by Aziz Mamuji
As we once again avail ourselves of the joys of fasting during this holy month, allow me to convey my felicitations to you all. May Allah always favour you with his abundant blessings.
Of course, as good Muslims we appreciate His kindness, but let us also remind ourselves of “giving”. This is a fundamental obligation of our personal and communal lives. The mighty English Oxford Dictionary’s definition of the word ‘charity’ embraces, “Giving voluntarily to those in need; an organisation for helping those in need; tolerance; and love of one’s fellow human beings.” And a famous poet’s poignant comment on the same subject reads: “There are those who have little to give and give it all. These are the believers in life and it’s bounty. And their coffer is never empty”. Good words, but nothing new!
The Holy Quran’s emphasis on ‘giving’ is obvious and with considerable clarity, it presents three inter-related precepts which form the essential basis of this obligation. Firstly, we accept the premise that we have to face the consequences, both here and in the hereafter, of whatever we do on earth. The ‘do’ is expansive, including aspects such as our deeds, thoughts, feelings, behaviour and dealings with fellow-beings. Secondly, we have to strive for the comprehensive development of ourselves as individuals, and in the process aim for the elimination of imbalances in our communities. Integrate these two vital attributes of Quranic teaching; and we begin to comprehend the third and most difficult precept, that of “anfaq”.
Anfaq in effect constitutes the pinnacle of ‘giving’. It consolidates the containment of societal negatives such as poverty, hunger, injustice, malice, abuse, disrespect, waste, greed and the deprivation of the human rights. Ultimately, it is the perfect socio-political environment in which hoarding becomes unnecessary and where all resources are equitably available for everyone’s benefit. The word itself derives from the old Arabic expression for an open-ended tunnel, suggesting that as much as possible should flow through and become accessible to those in need. No, we are not aspiring to egalitarianism, for the Holy Quran does recognise that a healthy community must comprise a mutually beneficial mix of people with different abilities, roles, responsibilities, personalities and needs. However, they all have the basic necessities of food, shelter, health, education and personal freedoms, the satisfaction of which must be the central responsibility of any balanced system of existence.
This then, leads us to the elegantly simple game of ‘giving’. Playable individually or in teams, on a limitless playing field, it requires no spectators. While it is easy to understand, the rules are tough and like all great games, the glory is in the participation; the pleasure in the commitment. The rewards, which Allah promises can be aplenty, are of course welcome icing on the cake. Notably though the game never stops, for the resources given by Allah are meant for all humanity; and they have to remain in continuous circulation.
The objective too is unambiguous. Recognise that peoples’ genuine needs differ, but give as much as you can from what remains after satisfying your personal needs. The needy have a right to expect assistance and within that fundamental premise, the Quran proffers many explanatory notes.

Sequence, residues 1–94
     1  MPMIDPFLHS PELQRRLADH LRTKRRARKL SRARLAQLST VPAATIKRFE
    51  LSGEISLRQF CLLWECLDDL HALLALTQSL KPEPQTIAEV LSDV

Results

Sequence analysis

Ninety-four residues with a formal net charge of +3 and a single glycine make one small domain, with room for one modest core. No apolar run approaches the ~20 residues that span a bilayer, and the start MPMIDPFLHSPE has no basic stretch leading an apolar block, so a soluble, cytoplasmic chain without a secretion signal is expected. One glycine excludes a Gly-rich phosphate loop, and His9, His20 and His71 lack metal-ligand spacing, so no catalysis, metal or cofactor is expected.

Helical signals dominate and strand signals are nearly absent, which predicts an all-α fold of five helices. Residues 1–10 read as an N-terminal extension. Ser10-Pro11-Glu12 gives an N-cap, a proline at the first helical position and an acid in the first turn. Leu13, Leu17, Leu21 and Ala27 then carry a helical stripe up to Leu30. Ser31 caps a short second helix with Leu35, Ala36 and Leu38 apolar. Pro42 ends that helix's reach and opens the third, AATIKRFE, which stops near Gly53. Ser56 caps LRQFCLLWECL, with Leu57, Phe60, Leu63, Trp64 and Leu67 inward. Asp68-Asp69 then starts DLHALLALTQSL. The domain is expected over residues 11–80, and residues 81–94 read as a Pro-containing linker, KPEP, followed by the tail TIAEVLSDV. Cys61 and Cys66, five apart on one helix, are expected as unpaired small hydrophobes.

Firstly, give because you believe in Allah and his cause. Give wholeheartedly with unselfish compassion, but do so from that which has been earned honourably. In giving more or less; openly or secretly; be genuine, for when we help from what we ourselves have rejected, our hypocrisy is inexcusable. Of course, we must give sensibly. Emotions can lead to excesses and irrationality, which can be detrimental to both the giver and the receiver. Furthermore, we are rightly warned to be humble. Constant reminders of the kind deeds one performs can be painfully embarrassing for all concerned.
Expect no appreciation from the assisted and certainly avoid nurturing a sense of superiority. Whereas we have to be vary of professional scroungers, there is understandable emphasis on first assisting parents, children, relatives as well as the very young and elderly who cannot earn for themselves. Give freely as you please, but also contribute to a system whereby the funds are judiciously administered through a properly organised effort.
Finally and no less importantly, do not neglect the charity in the ‘giving’ of our persons. Practice social etiquette beseeches the Holy Quran. Be ever conscious of the likes and dislikes of those around you; respect their privacy; offer moral support; use kind and comforting words; speak softly; show tolerance and always maintain exemplary decorum.
So plainly speaking, this giving game is not easy. As that famous poet also said: “It is when you give of yourself that you truly give.”
How right – and how nice!
The word Anfaq includes obligations such as zakat, sadaqa, khairat and other forms of giving mentioned in the Holy Quran. Persons interested in this subject may wish to refer to the following selection of verses:
2:177, 2:195, 2:215, 2:219, 2:261, 2:267, 2:270, 2:273, 2:274, 3:91, 4:39, 8:36, 8:60, 9:53, 9:54, 9:99, 25:67, 34:39, 47:38, 57:10, 92:57.
Aziz Mamuji is an Architect-Planner by profession. He is also the principal co-ordinator of the Kuwait Group of the Friends of SOS Children’s Villages in Pakistan